In New Zealand one in three women experience domestic violence at some point during their lives. 2014 research by the Public Service Association found the cost of family violence to employers is about $368 million annually. The social, human and personal costs are incalculable.
“Working people and their unions have a vital role to ensure the prevention of gender based violence,” says CTU Vice President Rachel Mackintosh.
“We must work together to change our society. All women should be able to live their lives free from violence. Employers can also do more to support working women,”
“Last week the International Labour Organisation (ILO) voted to develop a gender-based violence framework. This is a breakthrough and shows that governments, unions, and employers have committed to work together at an international level to do more to make women safe,”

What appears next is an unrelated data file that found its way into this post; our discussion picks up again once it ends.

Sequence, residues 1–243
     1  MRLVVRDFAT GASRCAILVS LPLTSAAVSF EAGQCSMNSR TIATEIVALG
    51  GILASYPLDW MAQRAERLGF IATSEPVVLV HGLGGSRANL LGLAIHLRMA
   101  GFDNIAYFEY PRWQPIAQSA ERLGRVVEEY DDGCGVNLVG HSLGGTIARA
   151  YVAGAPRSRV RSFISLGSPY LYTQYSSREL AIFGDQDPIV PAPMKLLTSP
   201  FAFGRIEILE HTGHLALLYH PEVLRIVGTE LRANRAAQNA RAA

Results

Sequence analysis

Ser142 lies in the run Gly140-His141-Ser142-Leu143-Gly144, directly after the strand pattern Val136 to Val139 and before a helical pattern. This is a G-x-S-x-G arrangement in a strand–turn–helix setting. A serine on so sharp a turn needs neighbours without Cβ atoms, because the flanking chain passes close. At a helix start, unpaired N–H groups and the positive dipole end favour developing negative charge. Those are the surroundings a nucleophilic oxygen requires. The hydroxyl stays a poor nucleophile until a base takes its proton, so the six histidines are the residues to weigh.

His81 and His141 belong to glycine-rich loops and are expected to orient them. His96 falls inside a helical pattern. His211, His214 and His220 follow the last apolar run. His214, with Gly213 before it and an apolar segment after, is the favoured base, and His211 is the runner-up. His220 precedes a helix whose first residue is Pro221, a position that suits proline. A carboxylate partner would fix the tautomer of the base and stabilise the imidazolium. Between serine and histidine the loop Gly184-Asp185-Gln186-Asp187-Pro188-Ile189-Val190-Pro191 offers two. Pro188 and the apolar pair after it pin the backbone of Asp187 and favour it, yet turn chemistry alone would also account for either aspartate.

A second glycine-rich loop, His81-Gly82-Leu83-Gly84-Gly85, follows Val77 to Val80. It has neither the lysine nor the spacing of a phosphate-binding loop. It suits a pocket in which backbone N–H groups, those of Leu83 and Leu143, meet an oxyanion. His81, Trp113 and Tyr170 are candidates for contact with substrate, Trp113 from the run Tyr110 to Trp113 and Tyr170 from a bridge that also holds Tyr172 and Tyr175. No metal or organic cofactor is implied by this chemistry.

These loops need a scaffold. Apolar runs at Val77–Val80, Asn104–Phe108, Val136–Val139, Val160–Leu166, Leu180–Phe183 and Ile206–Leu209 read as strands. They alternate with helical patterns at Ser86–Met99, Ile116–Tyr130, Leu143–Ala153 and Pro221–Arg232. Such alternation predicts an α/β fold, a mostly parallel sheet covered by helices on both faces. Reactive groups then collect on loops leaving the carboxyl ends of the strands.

“To stop domestic violence better protection for women including paid leave for counselling, leave to attend Police and Court appointments, sometimes changes in accommodation, or working location are all needed. Union members are negotiating these protections into collective agreements,”
“Evidence shows that, with good support, workplaces can enable working women who are survivors of violence to keep their jobs and be safe at work. Remaining in the workplace provides essential income and a network of support,” said Mackintosh